Everything about Tesla Motors Inc (NASDAQ:TSLA) defies current conventions.
It sets up shop in Silicon Valley, not Detroit. It builds electric vehicles, not gasoline-powered ones. And it believes that a future with purely electric vehicles is not only a possibility, but an inevitability.
Tesla CEO Elon Musk once claimed that entrepreneurship is like “eating glass and staring into the abyss of death.” Many loyal Tesla shareholders echo his sentiment.
In the nine years since Tesla’s founding, and the two years since it’s been publicly traded, Tesla has yet to produce a cent in profits. The company’s negative free cash flow, rising expenses and soaring debt could lead it straight to bankruptcy unless it can finally show the market that its business model can be profitable.
Yet despite all these odds, 2013 could be the year that Tesla finally turns a profit.
The Niche Market
Tesla’s luxury electric vehicles cater to a niche market - wealthy, environmentally conscious clients who are willing to purchase its vehicles despite the lack of a viable public charging infrastructure. That keeps owners from taking cross-country road trips, and restricts them to using the vehicles for short-range urban trips.
Larger automakers such as General Motors Company (NYSE:GM), Toyota Motor Corporation (ADR) (NYSE:TM) and Nissan all see electric vehicles as a possible future, but have shied away from mass producing all-electric vehicles, opting for more marketable hybrids instead.
By contrast, Tesla has never shied away from the unconventional or audacious - its flagship Roadster, which retails for $109,000, is modeled after the iconic Lotus Elise.
Last November, Tesla posted a third-quarter loss of $110.8 million, nearly double the $65.1 million it lost in the prior year quarter, and wider than analyst forecasts. Tesla also used a secondary stock offering to generate $222 million, bringing its total cash reserves back up to $300 million. However, it is still shouldering $474.51 million in debt.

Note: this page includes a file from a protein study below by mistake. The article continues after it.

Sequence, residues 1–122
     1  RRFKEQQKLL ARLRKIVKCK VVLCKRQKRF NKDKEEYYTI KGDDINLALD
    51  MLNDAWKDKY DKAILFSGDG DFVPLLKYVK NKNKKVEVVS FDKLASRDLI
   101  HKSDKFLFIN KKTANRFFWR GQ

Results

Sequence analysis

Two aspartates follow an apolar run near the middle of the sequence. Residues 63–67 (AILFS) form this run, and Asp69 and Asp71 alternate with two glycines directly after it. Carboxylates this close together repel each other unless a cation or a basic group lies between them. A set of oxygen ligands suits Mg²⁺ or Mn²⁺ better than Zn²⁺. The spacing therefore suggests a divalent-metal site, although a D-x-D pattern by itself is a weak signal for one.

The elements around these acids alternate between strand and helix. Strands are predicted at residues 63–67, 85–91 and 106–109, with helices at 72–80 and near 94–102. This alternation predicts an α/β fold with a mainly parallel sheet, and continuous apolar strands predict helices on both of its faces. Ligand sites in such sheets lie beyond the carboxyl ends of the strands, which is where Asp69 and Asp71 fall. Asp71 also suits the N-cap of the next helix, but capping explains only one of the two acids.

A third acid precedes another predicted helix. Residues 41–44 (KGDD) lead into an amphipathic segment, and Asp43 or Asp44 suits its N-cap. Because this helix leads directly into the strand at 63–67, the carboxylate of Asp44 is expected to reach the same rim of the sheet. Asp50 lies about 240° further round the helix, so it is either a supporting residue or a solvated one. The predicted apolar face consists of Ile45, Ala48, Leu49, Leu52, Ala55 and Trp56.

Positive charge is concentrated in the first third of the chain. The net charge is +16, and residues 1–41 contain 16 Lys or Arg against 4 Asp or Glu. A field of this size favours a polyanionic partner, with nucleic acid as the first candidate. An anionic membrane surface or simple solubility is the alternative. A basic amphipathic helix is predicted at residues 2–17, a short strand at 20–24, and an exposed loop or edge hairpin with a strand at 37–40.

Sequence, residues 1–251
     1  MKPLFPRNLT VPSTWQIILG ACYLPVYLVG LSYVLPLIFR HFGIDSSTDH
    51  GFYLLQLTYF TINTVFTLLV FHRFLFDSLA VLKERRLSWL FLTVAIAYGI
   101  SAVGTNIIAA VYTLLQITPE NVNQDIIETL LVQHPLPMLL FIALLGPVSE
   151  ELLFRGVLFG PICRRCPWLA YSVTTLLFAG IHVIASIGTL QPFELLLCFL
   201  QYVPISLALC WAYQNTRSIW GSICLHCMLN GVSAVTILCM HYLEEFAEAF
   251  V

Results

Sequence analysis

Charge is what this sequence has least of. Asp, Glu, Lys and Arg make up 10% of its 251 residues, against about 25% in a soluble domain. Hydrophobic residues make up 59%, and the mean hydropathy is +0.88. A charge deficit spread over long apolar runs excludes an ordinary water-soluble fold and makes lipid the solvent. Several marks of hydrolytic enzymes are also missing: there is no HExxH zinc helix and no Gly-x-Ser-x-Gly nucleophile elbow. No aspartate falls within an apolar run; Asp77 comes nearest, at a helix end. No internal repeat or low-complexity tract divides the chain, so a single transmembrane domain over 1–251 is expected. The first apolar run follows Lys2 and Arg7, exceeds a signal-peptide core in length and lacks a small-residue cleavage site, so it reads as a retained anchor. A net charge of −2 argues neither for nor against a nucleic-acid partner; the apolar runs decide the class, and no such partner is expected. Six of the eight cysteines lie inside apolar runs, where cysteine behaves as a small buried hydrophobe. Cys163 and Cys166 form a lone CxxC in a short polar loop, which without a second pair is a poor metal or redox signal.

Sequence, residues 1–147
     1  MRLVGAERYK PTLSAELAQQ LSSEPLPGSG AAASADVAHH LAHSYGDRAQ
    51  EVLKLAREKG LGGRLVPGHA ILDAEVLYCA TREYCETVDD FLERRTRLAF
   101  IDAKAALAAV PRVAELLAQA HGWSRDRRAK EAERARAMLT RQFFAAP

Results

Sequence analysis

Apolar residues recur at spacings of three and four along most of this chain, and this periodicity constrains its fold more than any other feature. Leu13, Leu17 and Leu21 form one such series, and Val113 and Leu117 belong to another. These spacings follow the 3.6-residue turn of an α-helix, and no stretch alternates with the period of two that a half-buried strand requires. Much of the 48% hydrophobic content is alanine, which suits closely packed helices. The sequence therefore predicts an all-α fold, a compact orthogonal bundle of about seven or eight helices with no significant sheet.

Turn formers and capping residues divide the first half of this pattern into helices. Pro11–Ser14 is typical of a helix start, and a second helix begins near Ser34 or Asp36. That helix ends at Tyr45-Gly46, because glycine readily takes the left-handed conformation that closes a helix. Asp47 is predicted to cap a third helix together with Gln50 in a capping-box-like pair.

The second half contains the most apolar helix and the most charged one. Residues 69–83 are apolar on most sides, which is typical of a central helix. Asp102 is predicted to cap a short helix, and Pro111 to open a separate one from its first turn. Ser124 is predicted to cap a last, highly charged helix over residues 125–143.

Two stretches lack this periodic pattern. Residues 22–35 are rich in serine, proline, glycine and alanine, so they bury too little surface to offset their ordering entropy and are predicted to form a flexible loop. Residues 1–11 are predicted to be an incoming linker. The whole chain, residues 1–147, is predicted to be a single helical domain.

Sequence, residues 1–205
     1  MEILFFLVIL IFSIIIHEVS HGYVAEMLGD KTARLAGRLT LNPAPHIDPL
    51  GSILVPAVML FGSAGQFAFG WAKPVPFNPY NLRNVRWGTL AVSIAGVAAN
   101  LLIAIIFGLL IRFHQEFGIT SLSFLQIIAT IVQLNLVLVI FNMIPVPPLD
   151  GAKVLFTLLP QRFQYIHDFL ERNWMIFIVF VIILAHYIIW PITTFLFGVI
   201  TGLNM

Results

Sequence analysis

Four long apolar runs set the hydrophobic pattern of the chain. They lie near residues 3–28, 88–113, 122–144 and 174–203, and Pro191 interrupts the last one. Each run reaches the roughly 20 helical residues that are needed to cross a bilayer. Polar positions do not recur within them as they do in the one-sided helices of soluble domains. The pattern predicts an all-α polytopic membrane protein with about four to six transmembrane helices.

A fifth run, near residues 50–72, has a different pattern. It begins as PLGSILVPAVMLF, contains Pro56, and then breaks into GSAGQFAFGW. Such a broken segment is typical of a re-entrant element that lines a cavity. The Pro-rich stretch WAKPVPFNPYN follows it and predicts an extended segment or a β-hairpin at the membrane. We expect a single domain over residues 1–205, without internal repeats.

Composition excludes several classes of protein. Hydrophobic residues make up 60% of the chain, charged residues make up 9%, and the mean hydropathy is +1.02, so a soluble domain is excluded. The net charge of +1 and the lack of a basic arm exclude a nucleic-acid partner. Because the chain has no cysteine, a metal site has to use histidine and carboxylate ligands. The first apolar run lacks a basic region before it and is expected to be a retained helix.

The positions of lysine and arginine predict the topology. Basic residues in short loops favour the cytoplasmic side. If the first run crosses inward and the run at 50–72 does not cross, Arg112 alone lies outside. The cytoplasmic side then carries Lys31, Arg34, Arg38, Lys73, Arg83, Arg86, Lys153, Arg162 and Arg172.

The Model S
However, net losses and rising debt levels aren’t a big surprise for Tesla investors. They were more interested in Tesla’s production schedule for its upcoming Model S sedans, its more affordable mainstream model priced between $60,000 to $80,000, which was named Motor Trend's 2013 Car of the Year. It comes in three models, all with exceptional range for an all-electric vehicle.
|40-kWh||160 miles (260 km)|
|60-kWh||208 miles (335 km)|
|85-kWh||265 miles (426 km)|
How does that measure up to the current generation of highway-capable all-electric vehicles?
|Nissan Leaf||24-kWh||73 miles (117 km)||$27,700|
|Chevrolet (GM) Volt||16.5-hWh||Electric Mode: 38 miles (61 km) Hybrid Mode: 380 miles (610 km)||$31,645|
Both the Leaf and Volt sell for roughly half the price of the Model S. However, the Volt has a special feature - an onboard gas-powered generator that extends its range ten fold.
Demand for the Model S was high during the third quarter, with orders rising sequentially from 11,500 to 13,200. Tesla’s reservation website shows that its more expensive Model S Signature has already been sold out, strongly suggesting that fourth quarter reservations will come in much higher than anticipated.